Fried, after missing more than 1 1/2 seasons following Tommy John elbow surgery, returned at the low-Single A level in 2016 and began to reclaim his elite status. And then there is Dustin Peterson, who, by the way, is not related to Jace.

The Braves think he could be a big part of their future in a corner-outfield spot.

“It’s very exciting. I love the Braves,” Dustin Peterson said. “They’ve been very welcoming, very hands-on staff. Just good people, and it’s a great organization to be a part of. You have a relationship with all the front office, all the coaches, all the staff, and it’s awesome. You know, that’s tough to come by. It’s really awesome to have.”

A day after he told that to an Atlanta reporter before a fall league game, Peterson and the rest of the Braves prospects in the AFL were taken to dinner by Coppolella and some of his top assistants. They had traveled to Arizona several days before the start of the General Managers Meetings in Scottsdale to check in on their prospects in the AFL.

Peterson was drafted as a third baseman and played that position for two seasons in the Padres organization before the trade to the Braves, who switched him to left field in 2015. He also played four games in center field in 2016 for Mississippi and got some time in right field in the fall league.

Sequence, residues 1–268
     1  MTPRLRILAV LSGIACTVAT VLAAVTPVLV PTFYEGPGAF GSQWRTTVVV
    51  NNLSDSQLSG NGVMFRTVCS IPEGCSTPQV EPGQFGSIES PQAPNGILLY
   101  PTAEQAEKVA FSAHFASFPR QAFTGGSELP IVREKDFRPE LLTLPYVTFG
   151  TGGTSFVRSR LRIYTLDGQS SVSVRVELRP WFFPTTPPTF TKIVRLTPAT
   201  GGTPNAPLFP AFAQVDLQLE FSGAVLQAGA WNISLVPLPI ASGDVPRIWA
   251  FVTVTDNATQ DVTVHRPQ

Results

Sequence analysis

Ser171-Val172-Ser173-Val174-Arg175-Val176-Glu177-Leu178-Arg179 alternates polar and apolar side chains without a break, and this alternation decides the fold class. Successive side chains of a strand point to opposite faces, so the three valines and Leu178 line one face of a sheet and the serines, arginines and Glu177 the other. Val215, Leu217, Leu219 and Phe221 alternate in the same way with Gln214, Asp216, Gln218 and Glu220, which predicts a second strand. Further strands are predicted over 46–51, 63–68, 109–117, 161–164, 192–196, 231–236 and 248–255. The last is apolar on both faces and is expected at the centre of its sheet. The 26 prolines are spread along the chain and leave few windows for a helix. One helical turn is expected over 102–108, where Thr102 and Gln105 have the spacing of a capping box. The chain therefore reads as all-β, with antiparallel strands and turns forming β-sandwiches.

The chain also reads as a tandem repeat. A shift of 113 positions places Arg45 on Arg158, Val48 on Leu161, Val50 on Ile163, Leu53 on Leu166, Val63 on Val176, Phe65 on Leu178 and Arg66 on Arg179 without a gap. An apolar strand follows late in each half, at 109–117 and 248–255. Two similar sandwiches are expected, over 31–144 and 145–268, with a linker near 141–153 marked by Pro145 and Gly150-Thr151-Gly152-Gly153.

His career-best .431 slugging percentage in Double-A in 2016 was 83 points higher than Peterson posted the previous season at high-A Carolina — where he missed three weeks with whiplash when he and several other players were injured in a team-bus accident — and 87 points above the .344 slugging percentage he had as an 18-year-old in short-season rookie ball in 2013. Meanwhile, his defense has improved steadily and he’s become a solid outfielder.

“It was an easy transition,” he said of switching to the outfield, which he said enabled him to concentrate on hitting without so many of the thought processes that go with playing third base. “I’m having fun out there, I enjoy it. It frees up your hitting. That’s helped me, and it’s been awesome so far these past two years in the outfield.”

In Arizona, Peterson had four multi-hit games and five extra-base hits in his last eight games before the league completed its schedule last week. Over six weeks, he impressed teammates who hadn’t seen him play much before, including fellow Braves minor leaguers.

“He can do it all,” said catcher Kade Scivicque, a former LSU standout and Detroit Tigers minor leaguer traded to the Braves in August, who played briefly with Peterson at the end of the Double-A season, but really got to see him and get to know him in Arizona. “He can play defense, he can hit, he can run and he has a good arm. And a good bit of power.”

His first foray into Arizona Fall League was particularly satisfying for Peterson, who was born and reared in Phoenix and still makes his offseason home in nearby Gilbert, as do his parents and other family members.

“I’m from here, so it’s really been a privilege,” Peterson said before an early November game. “My family can come out and watch and support me. It’s playing at home. It’s been awesome. Having a blast, just enjoying it one day at a time.”